Show Menu

Aging with Dignity and Independence Cheat Sheet (DRAFT) by [deleted]

Aging with Dignity and Independence

This is a draft cheat sheet. It is a work in progress and is not finished yet.


The American senior of tomorrow will be better educated, experience lower levels of poverty, live in a more diverse society and have a longer life expectancy than previous genera­tions.

On the flip side, we will also live with more illnesses and have fewer loved ones to help support us as we grow older. A better system of care will ensure that all Americans can age with dignity and indepe­ndence in the place we call home.

1. Most of us will need help

Most of us will need a little bit of help to get by as we get older.
We all see ourselves staying as healthy as possible through our golden years. The truth is that 70 percent of us who reach the age of 65 will need some form of care or services in our lives, for an average of three years.

2. Most of us are not prepared to pay

Most of us are not prepared to pay for this care.

3. Supportive services are really expensive.

Supportive services are really expensive.
In 2011, nursing home care cost an average of $78,110 a year for a semi-p­rivate room. Assistance at home, such as a visit from a home health aide cost on average $21,840 a year.

4. Medicare does not cover supportive services

Medicare does not pay for these supportive services over an extended period of time.
Only short-term rehabi­lit­ative care at home or in a nursing home are covered by Medicare. Additi­onally, for Medicare to even pay for these types of care, you must meet certain condit­ions.

5. Most government assistance poverty linked

Most government assistance for supportive services is linked to poverty.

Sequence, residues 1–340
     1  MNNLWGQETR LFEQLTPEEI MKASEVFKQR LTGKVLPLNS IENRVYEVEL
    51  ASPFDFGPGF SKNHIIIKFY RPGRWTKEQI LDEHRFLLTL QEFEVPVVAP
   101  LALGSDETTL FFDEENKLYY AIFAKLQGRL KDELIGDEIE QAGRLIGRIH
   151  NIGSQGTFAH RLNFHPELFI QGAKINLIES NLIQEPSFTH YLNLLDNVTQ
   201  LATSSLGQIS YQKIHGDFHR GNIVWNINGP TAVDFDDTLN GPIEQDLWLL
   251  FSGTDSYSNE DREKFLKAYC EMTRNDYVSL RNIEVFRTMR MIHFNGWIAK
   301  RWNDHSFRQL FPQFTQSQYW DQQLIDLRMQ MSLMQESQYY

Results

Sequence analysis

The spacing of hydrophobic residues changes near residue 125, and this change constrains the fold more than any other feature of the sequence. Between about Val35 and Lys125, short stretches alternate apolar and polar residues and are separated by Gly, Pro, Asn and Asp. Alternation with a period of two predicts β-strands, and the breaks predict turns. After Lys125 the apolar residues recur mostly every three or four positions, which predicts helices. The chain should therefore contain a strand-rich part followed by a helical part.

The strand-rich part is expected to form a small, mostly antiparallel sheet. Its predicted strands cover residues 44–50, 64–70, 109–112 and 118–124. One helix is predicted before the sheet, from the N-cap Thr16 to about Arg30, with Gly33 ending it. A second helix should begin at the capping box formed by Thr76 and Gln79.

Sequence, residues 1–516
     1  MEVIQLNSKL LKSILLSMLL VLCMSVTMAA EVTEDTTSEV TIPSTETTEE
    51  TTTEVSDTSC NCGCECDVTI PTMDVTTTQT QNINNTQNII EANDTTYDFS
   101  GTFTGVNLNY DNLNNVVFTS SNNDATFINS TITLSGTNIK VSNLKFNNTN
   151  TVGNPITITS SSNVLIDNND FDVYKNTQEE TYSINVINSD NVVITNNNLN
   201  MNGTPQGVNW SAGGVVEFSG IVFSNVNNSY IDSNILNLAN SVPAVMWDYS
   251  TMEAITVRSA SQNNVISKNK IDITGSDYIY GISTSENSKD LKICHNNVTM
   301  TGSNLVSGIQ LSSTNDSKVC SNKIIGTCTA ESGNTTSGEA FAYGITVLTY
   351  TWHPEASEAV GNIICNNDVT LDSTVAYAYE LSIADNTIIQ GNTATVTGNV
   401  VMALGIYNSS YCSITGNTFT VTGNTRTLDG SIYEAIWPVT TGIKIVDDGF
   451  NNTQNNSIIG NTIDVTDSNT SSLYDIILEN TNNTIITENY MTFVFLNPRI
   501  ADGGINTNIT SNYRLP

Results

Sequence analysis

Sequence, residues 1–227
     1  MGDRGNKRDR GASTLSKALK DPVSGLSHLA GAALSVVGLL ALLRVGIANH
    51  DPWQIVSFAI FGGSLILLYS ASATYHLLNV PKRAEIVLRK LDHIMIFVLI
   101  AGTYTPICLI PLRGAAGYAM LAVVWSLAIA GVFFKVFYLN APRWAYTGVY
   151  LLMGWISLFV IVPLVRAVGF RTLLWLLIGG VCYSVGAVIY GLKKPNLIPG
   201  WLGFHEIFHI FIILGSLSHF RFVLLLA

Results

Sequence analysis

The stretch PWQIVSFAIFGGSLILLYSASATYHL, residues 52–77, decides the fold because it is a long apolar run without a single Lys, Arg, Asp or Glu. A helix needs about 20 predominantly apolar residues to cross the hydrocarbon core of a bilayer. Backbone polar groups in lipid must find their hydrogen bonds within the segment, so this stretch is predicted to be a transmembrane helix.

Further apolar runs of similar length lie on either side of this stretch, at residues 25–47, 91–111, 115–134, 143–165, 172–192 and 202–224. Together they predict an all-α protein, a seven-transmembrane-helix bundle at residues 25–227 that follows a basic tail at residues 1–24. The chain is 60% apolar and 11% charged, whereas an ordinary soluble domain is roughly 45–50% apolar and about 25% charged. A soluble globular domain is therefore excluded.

Medicaid is the nation’s primary funder of personal care and supportive services, paying for about half of all services provided. However, should you need care, the only way to qualify is to spend nearly all of your assets. The nest egg you’ve worked hard all your life to build must be spent to qualify for help.

5. Many unaware how to access the care

Many of us aren’t aware of how to access the care we might need as we get older.
In 2009, a national AARP poll of 1,000 Americans found one in five never thought about it or did not know where they would receive long-term care if they needed it today.

6. Private insurance has not been the answer

So far, private insurance has not been the answer.
Just seven percent of the spending for personal care and supportive services comes from private long-term care insurance. This is because less than 10 percent of adults actually have purchased a policy. According to experts, few people purchase it because it is expensive, rates have histor­ically increased rapidly, and potential buyers can be denied coverage due to pre-ex­isting condit­ions.

8. There is a growing demand

There is a growing demand for supportive services and care as people grow older.
Today, over 12 million Americans rely on these services and supports, with 58 percent of those indivi­duals over the age of 65. By 2050, it is predicted that this number will more than double, with 27 million Americans relying upon long term services and supports. America needs a compre­hensive system in place that will support our needs as we grow older.

9. Soaring costs threaten the health system.

Soaring costs threaten the health system.
In 2010, spending on supportive services for adults age 65 and older was estimated to be $182 billion, and projected to increase to $684 billion by 2050. Such projec­tions threaten both state and federal budgets. Nevert­heless, little has been done in the past 40 years to address this problem and create a healthy network of supports and services allowing Americans to age with dignity in the place we call home.

10. Helping people stay in their homes

Helping people stay in their homes and commun­ities for as long as possible is a goal of the federal health reform law.
The federal health reform law created a number of opport­unities to help older people and adults with disabi­lities remain in their homes and commun­ities. It includes programs to help states provide more inhome care to low-income adults in need and ways to help those living in nursing homes to return to their homes and commun­ities.